For backup, each DCC has two TimberWolf 9714 automated tape libraries from Storage Technology Corp. of Louisville, Colo., along with two DLT 7000 streaming tape drives from Quantum Corp. of Milpitas, Calif., and two Sun Microsystems Ultra workstations.

Lockheed Martin Corp. did the systems development and integration for the four DCCs. TRW Inc. is responsible for construction and day-to-day management.

Besides being a DCC, the Jeffersonville site houses the bureau's permanent National Processing Center, whose Compaq AlphaServer 4100/1000 cluster running OpenVMS handles many bureau projects.

The address labels on the Census 2000 forms are bar coded to show who has responded. As data from returned questionnaires flows from the DCCs to Suitland headquarters, addresses will be checked against the Master Address File that Census has compiled over the past two years. Headquarters will compile lists of unresponsive addresses and forward them to 520 local collection offices, which will send temporary workers to the addresses.

During their visits, the workers will fill out the same forms that the residents were supposed to complete on their own. The DCCs will scan those forms, too.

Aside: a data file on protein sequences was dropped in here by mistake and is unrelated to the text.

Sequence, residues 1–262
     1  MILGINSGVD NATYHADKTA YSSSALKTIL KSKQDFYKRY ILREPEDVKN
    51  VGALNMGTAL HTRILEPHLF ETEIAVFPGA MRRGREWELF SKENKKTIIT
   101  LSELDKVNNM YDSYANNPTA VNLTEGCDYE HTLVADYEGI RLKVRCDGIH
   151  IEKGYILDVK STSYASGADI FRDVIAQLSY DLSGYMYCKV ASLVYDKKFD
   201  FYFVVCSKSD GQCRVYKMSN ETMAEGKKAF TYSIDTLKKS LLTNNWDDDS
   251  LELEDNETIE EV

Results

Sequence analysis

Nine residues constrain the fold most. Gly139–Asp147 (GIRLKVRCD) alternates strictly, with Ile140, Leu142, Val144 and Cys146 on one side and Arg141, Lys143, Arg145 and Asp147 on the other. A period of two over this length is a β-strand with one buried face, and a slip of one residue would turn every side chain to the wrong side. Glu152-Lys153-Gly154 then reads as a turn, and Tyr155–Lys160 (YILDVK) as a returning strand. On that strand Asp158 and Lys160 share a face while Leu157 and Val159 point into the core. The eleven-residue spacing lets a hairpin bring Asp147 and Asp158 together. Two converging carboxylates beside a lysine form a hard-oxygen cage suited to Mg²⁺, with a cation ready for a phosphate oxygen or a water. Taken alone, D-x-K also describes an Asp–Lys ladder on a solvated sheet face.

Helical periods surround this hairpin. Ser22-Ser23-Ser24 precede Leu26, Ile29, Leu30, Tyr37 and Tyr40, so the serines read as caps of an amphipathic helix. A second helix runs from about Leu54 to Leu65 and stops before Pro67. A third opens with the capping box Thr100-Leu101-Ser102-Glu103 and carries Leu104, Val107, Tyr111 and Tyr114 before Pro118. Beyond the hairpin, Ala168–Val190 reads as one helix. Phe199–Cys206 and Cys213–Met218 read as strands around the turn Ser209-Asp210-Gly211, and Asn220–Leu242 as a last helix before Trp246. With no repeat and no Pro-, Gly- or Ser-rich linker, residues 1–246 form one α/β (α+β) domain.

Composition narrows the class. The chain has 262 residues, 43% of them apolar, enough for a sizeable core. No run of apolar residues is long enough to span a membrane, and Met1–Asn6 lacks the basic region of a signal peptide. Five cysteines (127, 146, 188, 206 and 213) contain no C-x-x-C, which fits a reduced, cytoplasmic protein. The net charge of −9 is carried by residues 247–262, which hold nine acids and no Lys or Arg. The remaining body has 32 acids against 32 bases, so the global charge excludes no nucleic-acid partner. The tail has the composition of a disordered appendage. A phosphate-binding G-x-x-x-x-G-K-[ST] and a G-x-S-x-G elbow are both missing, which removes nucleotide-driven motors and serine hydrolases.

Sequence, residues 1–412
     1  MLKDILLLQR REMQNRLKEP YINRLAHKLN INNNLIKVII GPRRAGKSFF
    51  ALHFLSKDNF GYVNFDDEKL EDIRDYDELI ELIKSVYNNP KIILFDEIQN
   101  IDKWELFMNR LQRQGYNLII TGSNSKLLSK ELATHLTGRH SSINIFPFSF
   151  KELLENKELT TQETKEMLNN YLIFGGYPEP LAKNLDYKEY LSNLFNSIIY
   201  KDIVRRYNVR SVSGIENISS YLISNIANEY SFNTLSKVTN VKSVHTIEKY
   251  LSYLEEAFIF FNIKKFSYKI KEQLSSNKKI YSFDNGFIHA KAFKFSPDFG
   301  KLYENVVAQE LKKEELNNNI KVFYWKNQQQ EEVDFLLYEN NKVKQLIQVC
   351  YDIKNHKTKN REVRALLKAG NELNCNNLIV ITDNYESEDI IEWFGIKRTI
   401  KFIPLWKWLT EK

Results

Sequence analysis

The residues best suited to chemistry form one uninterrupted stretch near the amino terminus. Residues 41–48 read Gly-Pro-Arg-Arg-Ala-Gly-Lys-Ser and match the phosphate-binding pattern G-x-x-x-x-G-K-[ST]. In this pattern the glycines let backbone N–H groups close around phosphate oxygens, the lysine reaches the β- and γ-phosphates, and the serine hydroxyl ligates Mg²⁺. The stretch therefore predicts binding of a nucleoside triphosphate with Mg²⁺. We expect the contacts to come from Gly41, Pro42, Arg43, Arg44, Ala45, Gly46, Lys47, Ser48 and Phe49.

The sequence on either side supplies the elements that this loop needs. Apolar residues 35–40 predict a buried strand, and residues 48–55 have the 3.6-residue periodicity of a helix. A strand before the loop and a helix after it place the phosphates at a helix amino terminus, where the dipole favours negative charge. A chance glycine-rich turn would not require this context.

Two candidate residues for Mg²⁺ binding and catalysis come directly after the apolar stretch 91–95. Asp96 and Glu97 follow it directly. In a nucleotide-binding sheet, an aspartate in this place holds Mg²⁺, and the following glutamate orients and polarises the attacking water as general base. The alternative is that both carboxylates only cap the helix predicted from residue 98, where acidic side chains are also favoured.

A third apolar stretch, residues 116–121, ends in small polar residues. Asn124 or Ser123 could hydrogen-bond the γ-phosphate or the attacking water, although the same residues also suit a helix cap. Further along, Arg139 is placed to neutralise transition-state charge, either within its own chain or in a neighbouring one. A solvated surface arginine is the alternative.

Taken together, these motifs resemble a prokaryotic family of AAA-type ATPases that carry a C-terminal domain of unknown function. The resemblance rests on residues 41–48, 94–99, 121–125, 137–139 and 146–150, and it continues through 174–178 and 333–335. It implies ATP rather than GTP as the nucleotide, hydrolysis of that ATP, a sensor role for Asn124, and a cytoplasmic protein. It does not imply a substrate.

Each of the 520 local offices, opened over the past year, has one Dell 2300 server, 15 Dell GX1 PCs with 17-inch monitors and five Hewlett-Packard 8000N printers. Each local server has 256M of RAM and either a 350-MHz Pentium II or a 500-MHz Pentium III processor.

Twelve regional Census centers supervise the local offices. Each center has two four-way, 600-MHz Compaq AlphaServer 4100 clusters running Unix. One handles payroll and personnel matters, the other operations.

The regional offices use Oracle Corp. databases, PowerBuilder database applications from Sybase Inc. and payroll software from PeopleSoft Inc. of Pleasanton, Calif.

A Novell NetWare 4.11 network connects the regional and local offices to headquarters. 'It's a very large Novell installation,' Doyle said.

Each regional office has a Dell PowerEdge 6100 server running NetWare for production processing, plus a PowerEdge 4200 failover server. Another PowerEdge 2300 distributes software to local offices.